In India, da Gama encountered the same difficulties he had when his ships were in Indian Ocean ports. Without suitable goods to trade, Portuguese attempts to enter the lucrative commerce of the region were unsuccessful. Furthermore, Portuguese arrogance and disregard for local custom soon eroded the initial goodwill displayed by the Hindu raja. In certain instances, the Portuguese improperly worshiped at Hindu shrines, and da Gama kidnapped some of the local inhabitants to serve as interpreters for subsequent voyages, all of which served to antagonise the local population. Perhaps more importantly, local merchants, who learned of Portuguese behaviour in Africa and who were seeing it displayed in their own country, had no desire to see their livelihood destroyed and refused to trade with the Europeans.

Approximately half the fleet with which da Gama departed Lisbon two years before survived to make the return voyage home. As a feat of nautical endurance and skill, da Gama's voyage was a superb testament to the raw maritime skills of the Portuguese - nearly 300 days were spent at sea. But it must be remembered that the sea route to India was found only with the expert guidance of Ibn Majid who knew how to properly use the wind system of the Indian Ocean.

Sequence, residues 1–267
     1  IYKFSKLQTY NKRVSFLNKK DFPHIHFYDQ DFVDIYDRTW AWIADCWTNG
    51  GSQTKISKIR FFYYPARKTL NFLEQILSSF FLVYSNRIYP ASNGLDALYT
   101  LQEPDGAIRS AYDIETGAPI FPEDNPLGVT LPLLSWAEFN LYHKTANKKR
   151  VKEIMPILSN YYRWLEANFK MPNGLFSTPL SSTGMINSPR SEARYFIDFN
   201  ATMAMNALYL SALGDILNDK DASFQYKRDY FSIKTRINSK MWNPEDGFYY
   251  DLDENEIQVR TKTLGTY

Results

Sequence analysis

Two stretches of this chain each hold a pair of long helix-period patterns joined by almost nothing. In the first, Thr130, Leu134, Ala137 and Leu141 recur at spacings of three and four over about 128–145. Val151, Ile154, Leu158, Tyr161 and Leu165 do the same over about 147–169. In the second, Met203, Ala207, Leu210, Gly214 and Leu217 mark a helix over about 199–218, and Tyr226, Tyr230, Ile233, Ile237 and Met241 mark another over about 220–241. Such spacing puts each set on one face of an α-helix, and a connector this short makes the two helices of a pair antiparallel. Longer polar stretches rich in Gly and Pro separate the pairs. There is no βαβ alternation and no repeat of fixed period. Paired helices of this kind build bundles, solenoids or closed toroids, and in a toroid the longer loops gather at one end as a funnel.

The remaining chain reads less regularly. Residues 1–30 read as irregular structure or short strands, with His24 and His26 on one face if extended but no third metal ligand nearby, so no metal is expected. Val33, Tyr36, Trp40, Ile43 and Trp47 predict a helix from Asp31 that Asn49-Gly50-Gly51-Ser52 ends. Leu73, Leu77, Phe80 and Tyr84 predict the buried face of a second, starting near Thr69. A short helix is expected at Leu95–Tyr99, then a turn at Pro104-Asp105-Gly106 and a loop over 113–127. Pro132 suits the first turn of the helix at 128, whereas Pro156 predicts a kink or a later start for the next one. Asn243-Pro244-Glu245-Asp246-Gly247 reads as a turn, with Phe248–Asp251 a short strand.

Da Gama was amply rewarded for his services despite the fact that he did not return with the desired alliances, nor was he able to secure any commercial concessions. Still, while in Calicut, the Portuguese captain took into his service a Tunisian Muslim and a Spanish Jew from whom he learned some of the intricacies of the Asian economy and how it might be manipulated to serve Portuguese interests. Armed with this important information, King Manuel I was determined to establish a monopoly on the spice trade of the Indian Ocean by "cruel war with fire and sword".